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Article
February 2, 1994

Does This Dizzy Patient Have a Serious Form of Vertigo?

Author Affiliations

From the Division of Area General Internal Medicine (Drs Froehling, Silverstein, and Mohr) and the Departments of Health Sciences Research (Dr Silverstein) and Otorhinolaryngology (Dr Beatty), Mayo Clinic and Mayo Foundation, Rochester, Minn.

JAMA. 1994;271(5):385-388. doi:10.1001/jama.1994.03510290067039
Abstract

CLINICAL SCENARIOS: COMMON CAUSES OF VERTIGO 

Patient 1  A 52-year-old woman was admitted to the hospital because of nausea, a constant spinning sensation, and vomiting of 24 hours' duration. Any movement of her head made these symptoms worse. On examination, she had bilateral horizontal spontaneous nystagmus. Two days later, after symptomatic improvement, she was dismissed. At follow-up 2 weeks later, her symptoms and nystagmus had completely resolved.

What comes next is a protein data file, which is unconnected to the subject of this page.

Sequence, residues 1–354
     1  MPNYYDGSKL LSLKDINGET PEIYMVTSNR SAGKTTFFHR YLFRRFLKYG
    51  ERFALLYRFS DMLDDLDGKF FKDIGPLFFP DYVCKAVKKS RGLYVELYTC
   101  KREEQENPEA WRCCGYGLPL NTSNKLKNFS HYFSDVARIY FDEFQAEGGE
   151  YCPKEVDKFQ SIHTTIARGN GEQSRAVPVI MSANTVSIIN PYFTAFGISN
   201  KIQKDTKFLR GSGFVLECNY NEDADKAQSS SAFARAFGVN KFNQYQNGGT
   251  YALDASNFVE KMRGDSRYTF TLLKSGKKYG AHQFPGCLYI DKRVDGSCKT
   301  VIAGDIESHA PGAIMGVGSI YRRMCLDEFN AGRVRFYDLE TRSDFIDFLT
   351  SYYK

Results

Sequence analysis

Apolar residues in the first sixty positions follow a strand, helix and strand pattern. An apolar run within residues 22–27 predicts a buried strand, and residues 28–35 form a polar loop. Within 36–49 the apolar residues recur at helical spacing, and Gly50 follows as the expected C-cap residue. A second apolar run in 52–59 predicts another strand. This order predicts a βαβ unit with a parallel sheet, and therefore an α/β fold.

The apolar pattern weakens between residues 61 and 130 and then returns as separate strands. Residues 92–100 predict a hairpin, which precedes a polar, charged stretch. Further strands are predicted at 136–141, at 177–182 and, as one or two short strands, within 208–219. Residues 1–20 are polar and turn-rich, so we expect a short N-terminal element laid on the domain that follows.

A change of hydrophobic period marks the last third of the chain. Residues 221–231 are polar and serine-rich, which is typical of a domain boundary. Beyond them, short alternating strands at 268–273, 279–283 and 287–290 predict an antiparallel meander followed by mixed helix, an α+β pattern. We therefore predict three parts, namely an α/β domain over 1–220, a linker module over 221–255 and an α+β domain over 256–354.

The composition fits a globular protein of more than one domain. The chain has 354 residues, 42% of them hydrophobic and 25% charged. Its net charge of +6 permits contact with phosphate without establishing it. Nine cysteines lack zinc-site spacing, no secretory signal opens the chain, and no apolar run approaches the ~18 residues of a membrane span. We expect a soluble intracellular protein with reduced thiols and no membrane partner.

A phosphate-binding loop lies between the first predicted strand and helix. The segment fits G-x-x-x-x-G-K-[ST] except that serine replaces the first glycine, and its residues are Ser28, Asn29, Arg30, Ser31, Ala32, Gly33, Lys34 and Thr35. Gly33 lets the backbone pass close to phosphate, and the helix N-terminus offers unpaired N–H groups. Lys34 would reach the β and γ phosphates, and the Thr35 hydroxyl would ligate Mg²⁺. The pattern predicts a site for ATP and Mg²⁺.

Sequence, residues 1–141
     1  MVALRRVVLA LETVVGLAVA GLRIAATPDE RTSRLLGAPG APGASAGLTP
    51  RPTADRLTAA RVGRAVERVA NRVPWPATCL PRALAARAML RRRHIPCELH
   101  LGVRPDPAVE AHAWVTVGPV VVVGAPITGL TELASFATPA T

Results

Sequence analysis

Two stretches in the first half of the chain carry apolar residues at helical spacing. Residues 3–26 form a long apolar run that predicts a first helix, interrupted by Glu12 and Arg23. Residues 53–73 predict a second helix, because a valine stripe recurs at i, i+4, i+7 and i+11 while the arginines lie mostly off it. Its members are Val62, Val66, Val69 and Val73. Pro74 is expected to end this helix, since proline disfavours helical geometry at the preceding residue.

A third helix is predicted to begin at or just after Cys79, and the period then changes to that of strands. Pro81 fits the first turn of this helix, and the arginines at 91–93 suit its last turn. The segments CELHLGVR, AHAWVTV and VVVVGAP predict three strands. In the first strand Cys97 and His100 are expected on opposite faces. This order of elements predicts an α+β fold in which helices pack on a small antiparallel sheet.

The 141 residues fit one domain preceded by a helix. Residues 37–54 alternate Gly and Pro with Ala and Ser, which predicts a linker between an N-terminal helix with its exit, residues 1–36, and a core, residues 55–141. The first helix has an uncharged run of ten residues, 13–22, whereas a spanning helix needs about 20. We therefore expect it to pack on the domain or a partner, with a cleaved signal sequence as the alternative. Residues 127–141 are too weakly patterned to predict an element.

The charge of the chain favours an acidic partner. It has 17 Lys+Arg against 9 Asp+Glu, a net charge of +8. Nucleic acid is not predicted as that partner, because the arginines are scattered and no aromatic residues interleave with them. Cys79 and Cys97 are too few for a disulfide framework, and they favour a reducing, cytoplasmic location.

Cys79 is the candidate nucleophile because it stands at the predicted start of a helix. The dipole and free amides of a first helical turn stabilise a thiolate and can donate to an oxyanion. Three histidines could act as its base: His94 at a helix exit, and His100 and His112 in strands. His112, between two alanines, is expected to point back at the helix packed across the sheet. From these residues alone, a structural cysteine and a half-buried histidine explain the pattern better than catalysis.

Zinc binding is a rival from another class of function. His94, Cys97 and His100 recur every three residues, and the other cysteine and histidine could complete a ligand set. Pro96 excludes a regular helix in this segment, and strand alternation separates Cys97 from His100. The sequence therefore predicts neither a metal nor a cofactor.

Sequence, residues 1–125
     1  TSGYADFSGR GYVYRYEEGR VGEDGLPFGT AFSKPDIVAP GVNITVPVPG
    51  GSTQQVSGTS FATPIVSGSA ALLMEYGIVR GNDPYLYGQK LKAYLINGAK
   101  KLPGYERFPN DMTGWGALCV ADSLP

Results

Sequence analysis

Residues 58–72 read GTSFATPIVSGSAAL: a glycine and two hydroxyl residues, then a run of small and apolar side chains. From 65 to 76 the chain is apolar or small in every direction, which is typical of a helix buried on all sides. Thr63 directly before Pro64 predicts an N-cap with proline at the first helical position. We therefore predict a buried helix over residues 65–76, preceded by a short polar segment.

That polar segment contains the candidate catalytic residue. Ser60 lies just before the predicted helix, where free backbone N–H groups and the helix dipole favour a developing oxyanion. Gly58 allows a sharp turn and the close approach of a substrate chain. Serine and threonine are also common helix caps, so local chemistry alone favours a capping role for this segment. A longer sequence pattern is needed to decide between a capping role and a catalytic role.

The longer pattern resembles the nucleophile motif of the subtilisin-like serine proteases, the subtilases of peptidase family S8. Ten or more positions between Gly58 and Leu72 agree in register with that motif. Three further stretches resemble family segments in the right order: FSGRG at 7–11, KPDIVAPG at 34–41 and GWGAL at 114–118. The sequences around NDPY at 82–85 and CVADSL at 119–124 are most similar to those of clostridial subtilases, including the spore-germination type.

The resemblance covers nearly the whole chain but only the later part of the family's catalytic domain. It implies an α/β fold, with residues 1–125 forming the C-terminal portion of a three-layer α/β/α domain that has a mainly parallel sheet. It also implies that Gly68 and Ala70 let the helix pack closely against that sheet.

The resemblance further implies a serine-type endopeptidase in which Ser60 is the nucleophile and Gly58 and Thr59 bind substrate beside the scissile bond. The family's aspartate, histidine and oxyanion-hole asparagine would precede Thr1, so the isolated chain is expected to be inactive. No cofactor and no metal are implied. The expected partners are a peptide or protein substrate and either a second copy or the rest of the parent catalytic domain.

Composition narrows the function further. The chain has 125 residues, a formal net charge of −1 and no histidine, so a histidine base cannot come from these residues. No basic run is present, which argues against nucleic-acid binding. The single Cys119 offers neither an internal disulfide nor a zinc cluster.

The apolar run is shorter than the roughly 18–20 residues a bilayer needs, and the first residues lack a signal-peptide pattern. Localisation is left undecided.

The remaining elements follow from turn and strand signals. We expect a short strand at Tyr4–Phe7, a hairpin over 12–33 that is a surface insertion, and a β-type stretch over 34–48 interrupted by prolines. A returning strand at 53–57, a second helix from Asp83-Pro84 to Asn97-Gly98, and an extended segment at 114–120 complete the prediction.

Patient 2  A 70-year-old woman had a 4-month history of an intermittent whirling sensation when turning her head and especially when rolling over in bed. On examination, a left-side-down head-hanging maneuver elicited rotatory nystagmus, with the fast component to the left ear (Figure). There was a latency of about 3 seconds before the onset of nystagmus, which lasted approximately 10 seconds.

WHY EVALUATE VERTIGO?  "Vertigo" is defined in Webster's dictionary2 as a disturbance "in which the external world seems to revolve around

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